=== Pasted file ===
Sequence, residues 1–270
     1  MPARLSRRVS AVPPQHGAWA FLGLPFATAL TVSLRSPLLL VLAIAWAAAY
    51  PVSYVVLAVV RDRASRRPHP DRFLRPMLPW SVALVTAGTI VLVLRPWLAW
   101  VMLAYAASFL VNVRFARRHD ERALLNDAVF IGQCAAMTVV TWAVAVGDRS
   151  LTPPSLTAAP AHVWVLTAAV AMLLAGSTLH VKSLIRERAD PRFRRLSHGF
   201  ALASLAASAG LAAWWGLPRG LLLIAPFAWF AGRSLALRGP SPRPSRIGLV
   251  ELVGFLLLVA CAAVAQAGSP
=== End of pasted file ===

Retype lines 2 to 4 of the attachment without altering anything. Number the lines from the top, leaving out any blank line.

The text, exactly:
     1  MPARLSRRVS AVPPQHGAWA FLGLPFATAL TVSLRSPLLL VLAIAWAAAY
    51  PVSYVVLAVV RDRASRRPHP DRFLRPMLPW SVALVTAGTI VLVLRPWLAW
   101  VMLAYAASFL VNVRFARRHD ERALLNDAVF IGQCAAMTVV TWAVAVGDRS